For decades in Japan, people have been disappearing. Coming home one evening, they have drawn the curtains or gone to their bedrooms and stayed there ever since, as though they have ceased to exist. It’s a social phenomenon known as ‘hikikomori’, defining over one million nationals who have chosen a lifestyle of extreme withdrawal from society. The term is recognisable to many an otaku, who are used to seeing it applied to a pale, thin, agoraphobic and sometimes comedic creature who comes out of hiding only when the plot deems it necessary.
Often just as visible as their anime counterparts’ under-eye circles, however, is the fact that these modern hermits live in fear. The terror of failing to blend into their social surroundings, or failing in their grades, or in the ruthless targets of the workplace. When facing pressure from their colleagues, classmates, teachers or parents to conform to a strict ideal of success, without any escape or compromise, there is little surprise in so many choosing to withdraw altogether. There is even less to wonder about in similar stories coming to be portrayed in stories by otaku en masse, who find it fascinating and perhaps admirable to so boldy state one’s difference from social norms. Where the shock lies is in the reality versus the fantasy of hikikomori in Japan.
According to a Cabinet Office survey from 2019, the majority of these extreme recluses are now over 40 years of age. The government had assumed that it was mostly the country’s youth who would cloister themselves in this way, as do many anime depicting hiki characters. The truth opposes most fictional hikikomori narratives, which put their protagonists at high school or college age. But the affluence which allows Japan’s middle class families to shelter their children into adulthood means that many of these former youths will have grown even further into their isolation.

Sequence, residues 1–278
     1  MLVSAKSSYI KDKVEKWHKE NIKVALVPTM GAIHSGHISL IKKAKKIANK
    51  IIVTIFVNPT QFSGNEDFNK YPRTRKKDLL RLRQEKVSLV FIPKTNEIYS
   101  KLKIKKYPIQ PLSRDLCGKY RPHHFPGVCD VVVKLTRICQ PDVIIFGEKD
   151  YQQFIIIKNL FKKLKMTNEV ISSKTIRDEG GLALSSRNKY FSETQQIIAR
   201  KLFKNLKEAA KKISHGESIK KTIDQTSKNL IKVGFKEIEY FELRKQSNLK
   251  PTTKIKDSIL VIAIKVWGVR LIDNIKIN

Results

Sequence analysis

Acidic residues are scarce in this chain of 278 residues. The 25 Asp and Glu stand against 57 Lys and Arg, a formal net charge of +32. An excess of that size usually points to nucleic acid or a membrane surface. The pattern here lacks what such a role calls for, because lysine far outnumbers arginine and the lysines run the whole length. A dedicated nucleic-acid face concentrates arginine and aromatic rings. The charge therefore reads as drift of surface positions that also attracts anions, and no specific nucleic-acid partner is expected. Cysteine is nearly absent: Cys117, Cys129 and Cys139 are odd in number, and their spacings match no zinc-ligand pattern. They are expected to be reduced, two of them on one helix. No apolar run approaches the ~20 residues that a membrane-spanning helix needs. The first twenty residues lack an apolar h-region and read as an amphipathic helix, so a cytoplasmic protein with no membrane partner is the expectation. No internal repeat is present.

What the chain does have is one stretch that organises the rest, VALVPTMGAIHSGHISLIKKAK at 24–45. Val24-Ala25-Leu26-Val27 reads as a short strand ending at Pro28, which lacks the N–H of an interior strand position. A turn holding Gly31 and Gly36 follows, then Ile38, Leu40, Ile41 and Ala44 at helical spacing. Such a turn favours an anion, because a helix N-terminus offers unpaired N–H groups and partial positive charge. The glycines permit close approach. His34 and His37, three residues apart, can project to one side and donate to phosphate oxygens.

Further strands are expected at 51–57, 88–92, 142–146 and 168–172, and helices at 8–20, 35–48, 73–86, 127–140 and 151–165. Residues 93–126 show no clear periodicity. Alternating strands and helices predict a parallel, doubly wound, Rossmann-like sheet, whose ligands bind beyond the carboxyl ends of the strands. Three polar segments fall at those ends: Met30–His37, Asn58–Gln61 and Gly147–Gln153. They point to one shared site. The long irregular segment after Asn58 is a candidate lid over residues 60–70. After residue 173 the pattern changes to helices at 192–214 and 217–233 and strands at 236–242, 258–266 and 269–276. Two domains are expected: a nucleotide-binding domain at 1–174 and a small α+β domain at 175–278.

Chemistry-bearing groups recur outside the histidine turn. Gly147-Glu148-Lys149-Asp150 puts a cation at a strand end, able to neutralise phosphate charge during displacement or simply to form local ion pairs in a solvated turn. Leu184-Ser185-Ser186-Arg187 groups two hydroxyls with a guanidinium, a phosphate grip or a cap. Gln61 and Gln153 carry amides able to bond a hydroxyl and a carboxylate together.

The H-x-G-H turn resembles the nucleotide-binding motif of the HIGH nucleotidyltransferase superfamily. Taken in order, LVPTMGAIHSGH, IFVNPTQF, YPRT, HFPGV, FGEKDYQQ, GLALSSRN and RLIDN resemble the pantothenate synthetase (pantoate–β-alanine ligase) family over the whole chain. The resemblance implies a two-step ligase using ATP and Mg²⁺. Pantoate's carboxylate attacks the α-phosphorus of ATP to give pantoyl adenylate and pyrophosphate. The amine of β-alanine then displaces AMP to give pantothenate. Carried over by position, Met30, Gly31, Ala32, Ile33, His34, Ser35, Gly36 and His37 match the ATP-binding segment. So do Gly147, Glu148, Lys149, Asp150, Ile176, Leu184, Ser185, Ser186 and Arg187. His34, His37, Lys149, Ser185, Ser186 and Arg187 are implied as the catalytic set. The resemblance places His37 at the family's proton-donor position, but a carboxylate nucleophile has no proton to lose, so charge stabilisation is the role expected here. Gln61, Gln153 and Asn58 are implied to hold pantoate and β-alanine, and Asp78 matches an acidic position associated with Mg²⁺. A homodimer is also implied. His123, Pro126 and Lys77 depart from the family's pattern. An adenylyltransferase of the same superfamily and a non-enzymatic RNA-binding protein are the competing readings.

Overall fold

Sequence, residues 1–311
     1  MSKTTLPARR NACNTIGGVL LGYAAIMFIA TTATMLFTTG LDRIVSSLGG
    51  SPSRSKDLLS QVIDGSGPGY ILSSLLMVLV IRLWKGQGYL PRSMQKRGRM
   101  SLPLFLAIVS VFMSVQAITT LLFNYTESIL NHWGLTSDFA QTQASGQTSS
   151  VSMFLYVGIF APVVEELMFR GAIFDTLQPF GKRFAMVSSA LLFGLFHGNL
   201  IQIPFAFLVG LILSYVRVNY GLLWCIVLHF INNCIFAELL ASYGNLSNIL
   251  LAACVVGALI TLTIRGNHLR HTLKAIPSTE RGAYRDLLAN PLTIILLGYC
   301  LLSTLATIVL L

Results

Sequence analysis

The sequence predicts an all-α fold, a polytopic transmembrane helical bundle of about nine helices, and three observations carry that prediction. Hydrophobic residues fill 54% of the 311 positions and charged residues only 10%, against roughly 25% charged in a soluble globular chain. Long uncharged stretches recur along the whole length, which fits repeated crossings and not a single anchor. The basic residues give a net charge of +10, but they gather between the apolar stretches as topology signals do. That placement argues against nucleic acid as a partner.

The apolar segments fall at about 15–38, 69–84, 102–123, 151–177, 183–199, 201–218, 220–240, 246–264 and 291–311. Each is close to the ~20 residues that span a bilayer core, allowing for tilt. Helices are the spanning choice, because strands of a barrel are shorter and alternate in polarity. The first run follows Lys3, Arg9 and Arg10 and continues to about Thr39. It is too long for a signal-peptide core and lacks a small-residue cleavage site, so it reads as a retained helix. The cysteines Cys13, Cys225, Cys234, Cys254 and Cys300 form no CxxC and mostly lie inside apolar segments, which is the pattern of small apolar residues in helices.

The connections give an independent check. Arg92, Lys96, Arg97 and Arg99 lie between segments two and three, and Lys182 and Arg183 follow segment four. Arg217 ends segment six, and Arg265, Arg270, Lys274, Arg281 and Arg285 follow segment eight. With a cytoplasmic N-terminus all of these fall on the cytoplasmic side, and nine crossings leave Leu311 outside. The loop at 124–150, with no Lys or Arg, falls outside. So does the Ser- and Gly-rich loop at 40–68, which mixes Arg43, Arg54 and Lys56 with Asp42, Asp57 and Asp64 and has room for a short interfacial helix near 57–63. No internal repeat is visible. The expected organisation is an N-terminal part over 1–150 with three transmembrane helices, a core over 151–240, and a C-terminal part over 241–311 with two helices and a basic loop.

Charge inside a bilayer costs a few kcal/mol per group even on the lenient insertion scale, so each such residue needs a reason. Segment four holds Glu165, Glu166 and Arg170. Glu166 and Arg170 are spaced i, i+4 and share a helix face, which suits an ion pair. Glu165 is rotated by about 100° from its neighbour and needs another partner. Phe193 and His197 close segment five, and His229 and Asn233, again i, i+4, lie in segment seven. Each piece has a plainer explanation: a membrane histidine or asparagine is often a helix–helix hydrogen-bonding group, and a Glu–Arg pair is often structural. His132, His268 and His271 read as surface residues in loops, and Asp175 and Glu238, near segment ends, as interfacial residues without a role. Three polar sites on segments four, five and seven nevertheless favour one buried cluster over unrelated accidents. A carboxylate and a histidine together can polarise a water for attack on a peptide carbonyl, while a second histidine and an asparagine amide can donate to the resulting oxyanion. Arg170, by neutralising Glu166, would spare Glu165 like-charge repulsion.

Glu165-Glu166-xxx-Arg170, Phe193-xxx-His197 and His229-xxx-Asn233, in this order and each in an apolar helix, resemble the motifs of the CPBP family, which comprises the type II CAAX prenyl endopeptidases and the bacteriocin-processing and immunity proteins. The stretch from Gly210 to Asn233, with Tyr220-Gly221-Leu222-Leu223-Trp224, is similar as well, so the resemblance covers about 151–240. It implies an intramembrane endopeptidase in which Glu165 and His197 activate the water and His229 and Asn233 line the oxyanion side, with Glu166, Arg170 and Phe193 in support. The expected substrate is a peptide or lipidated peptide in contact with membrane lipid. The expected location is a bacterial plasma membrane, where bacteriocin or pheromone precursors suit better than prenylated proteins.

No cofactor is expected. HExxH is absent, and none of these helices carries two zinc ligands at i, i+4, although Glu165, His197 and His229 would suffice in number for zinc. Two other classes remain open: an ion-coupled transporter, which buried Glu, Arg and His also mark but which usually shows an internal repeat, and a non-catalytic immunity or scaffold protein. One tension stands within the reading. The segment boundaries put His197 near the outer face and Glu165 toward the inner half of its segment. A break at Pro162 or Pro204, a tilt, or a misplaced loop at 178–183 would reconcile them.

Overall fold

An account from mother Mika Shibata says that her son has not come out of his bedroom for a year. “The longer this situation continues, the harder it is for him to step back into society,” she told The Economist, as much as she hopes he will eventually recover. Such a way of life perpetuates its own fear, the anxiety over being part of working society mounted on top of dreading what their family and community would think of them now.
More labels continue to appear for people who refuse to be normal. NEETs who are ‘not in education, employment or training’; freeters who are serial part-timers or freelancers; parasite singles living in their parents’ homes through their 20s, 30s and even beyond. Being either of these, or hikikomori, is a statement of rebellion against being groomed as a corporate pawn. Perhaps as a sign of these individuals being recognised as a movement, many hikikomori anime characters find a sense of victory in this life choice, not least among the gamers in this unseen crowd. No Game No Life stands in the uncommon position of having true hikikomori characters who come under attack from their social fears, and do not recover from them. This series’ older and stranger sister Sasami-san@Ganbaranai revels in her many fantastical realities, whether that’s in-game or the ones created for her by her technical wiz of a brother. To Sasami, any weirdness is preferable to the relentless security feeds and watching eyes of the outside world.